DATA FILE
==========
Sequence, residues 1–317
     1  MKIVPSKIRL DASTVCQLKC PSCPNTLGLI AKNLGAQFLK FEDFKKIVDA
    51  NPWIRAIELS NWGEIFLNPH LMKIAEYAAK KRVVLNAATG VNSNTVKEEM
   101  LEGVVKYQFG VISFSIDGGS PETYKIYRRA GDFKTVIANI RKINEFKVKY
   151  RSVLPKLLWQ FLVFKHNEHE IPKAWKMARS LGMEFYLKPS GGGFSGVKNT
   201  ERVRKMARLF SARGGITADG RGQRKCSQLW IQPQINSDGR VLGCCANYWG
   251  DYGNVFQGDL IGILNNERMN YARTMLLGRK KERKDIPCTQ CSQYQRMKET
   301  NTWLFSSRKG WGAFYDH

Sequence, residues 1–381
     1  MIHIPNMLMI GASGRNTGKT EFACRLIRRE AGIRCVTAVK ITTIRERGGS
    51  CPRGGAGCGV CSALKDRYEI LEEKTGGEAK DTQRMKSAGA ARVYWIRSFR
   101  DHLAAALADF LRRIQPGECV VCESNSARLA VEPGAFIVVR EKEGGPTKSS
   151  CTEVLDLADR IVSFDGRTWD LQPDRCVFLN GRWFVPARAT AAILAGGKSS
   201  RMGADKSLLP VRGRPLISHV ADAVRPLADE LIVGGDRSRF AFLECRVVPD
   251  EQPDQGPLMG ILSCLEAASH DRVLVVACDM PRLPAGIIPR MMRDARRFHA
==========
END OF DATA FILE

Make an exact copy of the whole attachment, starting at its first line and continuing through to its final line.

Sequence, residues 1–317
     1  MKIVPSKIRL DASTVCQLKC PSCPNTLGLI AKNLGAQFLK FEDFKKIVDA
    51  NPWIRAIELS NWGEIFLNPH LMKIAEYAAK KRVVLNAATG VNSNTVKEEM
   101  LEGVVKYQFG VISFSIDGGS PETYKIYRRA GDFKTVIANI RKINEFKVKY
   151  RSVLPKLLWQ FLVFKHNEHE IPKAWKMARS LGMEFYLKPS GGGFSGVKNT
   201  ERVRKMARLF SARGGITADG RGQRKCSQLW IQPQINSDGR VLGCCANYWG
   251  DYGNVFQGDL IGILNNERMN YARTMLLGRK KERKDIPCTQ CSQYQRMKET
   301  NTWLFSSRKG WGAFYDH

Sequence, residues 1–381
     1  MIHIPNMLMI GASGRNTGKT EFACRLIRRE AGIRCVTAVK ITTIRERGGS
    51  CPRGGAGCGV CSALKDRYEI LEEKTGGEAK DTQRMKSAGA ARVYWIRSFR
   101  DHLAAALADF LRRIQPGECV VCESNSARLA VEPGAFIVVR EKEGGPTKSS
   151  CTEVLDLADR IVSFDGRTWD LQPDRCVFLN GRWFVPARAT AAILAGGKSS
   201  RMGADKSLLP VRGRPLISHV ADAVRPLADE LIVGGDRSRF AFLECRVVPD
   251  EQPDQGPLMG ILSCLEAASH DRVLVVACDM PRLPAGIIPR MMRDARRFHA